This performance cruising catamaran takes aim at monohull sailors with its simple elegance and sprightly performance
The extra wide side decks were easy to navigate, and handrails on the coachroof would provide a bit of safety in a seaway. The keep-it-simple philosophy was evident on deck.
“We purposely kept all the lines above deck so you can see and fix a problem easily,” Windels said. “The more stuff there is, the more that can break. We believe a good sailboat is a simple boat, and everything is designed around performance.”
At the base of the deck-stepped mast on the bridgedeck are two large lockers, one of which houses the optional generator, with the windlass and chain locker located in between. The anchor chain is led forward to the anchor, where its rigged to a bridal system. Forward in the hulls are huge lockers for sails and fenders.
Two short steps at the base of the mast reach the top of the cabinhouse, where there is an optional lounging area to be used when not underway. The boom sweeps low across the hard top, making it easy to reach the mainsail with no need to perform acrobatic maneuvers to zip the lazy bag.
The heart of the boat is the large cockpit tucked beneath the hard top. There’s an L-shaped settee and table to port and small settee and drawer refrigerator to starboard. A long settee stretches between the helm stations on the aft rail. The helm seats hinge up to provide access to the transom.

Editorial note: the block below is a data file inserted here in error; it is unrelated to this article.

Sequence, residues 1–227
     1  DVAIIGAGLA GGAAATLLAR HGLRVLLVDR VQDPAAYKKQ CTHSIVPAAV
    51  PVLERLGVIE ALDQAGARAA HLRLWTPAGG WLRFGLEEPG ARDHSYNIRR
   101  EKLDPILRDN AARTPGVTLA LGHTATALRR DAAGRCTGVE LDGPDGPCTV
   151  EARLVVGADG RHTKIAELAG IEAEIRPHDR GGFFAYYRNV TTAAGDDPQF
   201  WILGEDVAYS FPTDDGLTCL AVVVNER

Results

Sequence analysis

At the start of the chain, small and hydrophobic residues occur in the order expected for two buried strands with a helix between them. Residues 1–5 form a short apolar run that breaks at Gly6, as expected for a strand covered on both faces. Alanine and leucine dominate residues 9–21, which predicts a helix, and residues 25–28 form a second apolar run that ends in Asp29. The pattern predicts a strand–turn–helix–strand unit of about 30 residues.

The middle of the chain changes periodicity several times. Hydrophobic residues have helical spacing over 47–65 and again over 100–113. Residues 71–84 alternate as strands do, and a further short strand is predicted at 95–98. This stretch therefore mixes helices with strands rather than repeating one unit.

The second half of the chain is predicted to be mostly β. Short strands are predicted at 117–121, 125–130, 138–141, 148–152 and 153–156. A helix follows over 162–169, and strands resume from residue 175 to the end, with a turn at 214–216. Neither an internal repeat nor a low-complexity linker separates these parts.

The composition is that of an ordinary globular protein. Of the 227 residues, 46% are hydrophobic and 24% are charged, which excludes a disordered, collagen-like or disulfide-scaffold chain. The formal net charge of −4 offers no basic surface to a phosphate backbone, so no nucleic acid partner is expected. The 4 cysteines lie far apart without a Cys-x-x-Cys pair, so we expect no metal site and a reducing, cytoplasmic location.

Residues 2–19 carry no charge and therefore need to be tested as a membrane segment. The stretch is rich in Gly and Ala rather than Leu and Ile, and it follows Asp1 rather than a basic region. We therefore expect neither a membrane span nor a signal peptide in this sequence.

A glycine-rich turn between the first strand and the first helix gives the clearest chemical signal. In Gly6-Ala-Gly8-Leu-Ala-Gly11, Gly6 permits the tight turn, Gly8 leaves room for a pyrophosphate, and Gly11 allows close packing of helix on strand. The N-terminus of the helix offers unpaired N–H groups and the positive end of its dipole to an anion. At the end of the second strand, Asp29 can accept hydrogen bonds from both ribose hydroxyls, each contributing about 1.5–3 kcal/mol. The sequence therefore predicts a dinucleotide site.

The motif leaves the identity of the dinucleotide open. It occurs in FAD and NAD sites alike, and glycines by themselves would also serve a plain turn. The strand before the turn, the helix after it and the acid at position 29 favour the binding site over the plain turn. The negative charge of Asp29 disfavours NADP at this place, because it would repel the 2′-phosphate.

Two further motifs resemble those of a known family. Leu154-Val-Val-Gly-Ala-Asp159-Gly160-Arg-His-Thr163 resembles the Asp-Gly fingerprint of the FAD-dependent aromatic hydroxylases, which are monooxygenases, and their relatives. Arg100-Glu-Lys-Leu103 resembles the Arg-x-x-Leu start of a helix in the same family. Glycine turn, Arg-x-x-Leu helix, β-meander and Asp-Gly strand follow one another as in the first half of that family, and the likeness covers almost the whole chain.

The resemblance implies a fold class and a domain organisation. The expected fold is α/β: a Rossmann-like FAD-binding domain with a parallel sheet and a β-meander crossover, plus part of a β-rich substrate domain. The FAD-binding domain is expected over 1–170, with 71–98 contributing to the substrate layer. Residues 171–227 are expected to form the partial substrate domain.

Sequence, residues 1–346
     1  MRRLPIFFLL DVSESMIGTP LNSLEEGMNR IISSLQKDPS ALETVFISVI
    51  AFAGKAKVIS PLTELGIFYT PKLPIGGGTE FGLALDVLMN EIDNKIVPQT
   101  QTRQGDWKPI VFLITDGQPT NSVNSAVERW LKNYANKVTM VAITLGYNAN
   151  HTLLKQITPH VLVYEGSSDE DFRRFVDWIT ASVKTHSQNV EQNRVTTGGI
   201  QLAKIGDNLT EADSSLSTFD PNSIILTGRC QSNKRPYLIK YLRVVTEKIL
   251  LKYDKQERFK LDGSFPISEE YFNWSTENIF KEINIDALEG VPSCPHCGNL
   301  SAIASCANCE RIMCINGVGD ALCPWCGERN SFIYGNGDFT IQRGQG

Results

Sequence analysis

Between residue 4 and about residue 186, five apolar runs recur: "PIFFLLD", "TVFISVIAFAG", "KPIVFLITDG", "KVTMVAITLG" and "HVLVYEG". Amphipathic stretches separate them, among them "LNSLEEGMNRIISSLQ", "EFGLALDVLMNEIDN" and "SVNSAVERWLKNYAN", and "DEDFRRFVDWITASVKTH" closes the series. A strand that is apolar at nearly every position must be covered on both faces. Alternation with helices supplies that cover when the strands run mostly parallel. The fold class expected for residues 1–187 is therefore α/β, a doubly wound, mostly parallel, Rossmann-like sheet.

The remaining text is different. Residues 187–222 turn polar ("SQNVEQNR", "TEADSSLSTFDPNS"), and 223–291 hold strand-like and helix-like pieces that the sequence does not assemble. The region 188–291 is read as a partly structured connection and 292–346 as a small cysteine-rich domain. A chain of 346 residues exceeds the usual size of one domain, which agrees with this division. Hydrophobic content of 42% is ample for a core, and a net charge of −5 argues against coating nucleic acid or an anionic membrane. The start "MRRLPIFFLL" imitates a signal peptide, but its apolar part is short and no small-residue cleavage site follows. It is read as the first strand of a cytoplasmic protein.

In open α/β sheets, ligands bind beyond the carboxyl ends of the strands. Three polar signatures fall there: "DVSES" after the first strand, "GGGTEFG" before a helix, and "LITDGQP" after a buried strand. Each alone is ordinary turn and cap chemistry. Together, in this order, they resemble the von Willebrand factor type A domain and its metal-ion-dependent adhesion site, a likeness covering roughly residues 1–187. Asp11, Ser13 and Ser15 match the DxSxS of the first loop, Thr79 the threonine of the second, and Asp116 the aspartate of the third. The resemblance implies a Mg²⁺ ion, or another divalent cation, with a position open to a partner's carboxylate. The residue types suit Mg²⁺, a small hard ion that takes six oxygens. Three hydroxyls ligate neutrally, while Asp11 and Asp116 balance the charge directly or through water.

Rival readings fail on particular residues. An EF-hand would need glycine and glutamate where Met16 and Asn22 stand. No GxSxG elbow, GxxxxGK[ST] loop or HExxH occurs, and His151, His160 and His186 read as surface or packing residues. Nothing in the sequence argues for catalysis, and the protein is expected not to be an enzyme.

Getting under way was a simple process, with all control lines led to a bank of clutches and a pair of electric Harken two-speed winches at the starboard helm. The full-batten, flat-top main went up lickety split, and with a quick unfurl of the headsail, we headed into the bay.
Windels said the aim was to make a multihull with the same helm feedback that a monohull provides, and it was readily apparent. The bright orange Carbonautica wheels were comfortable, and the helm was responsive, tacking easily, with the deep twin rudders shouldering the bulk of the work. With the helm position pushed all the way aft, the wheels are above the rudders, allowing for a direct connection using Dyneema cables.
The anemic 8-knot northwesterly didn’t provide much of a test, but we chased the 10-knot puffs funneling off Hackett Point, playing the lifts and headers. The boat was very responsive, and in true multihull style, the apparent wind quickly built and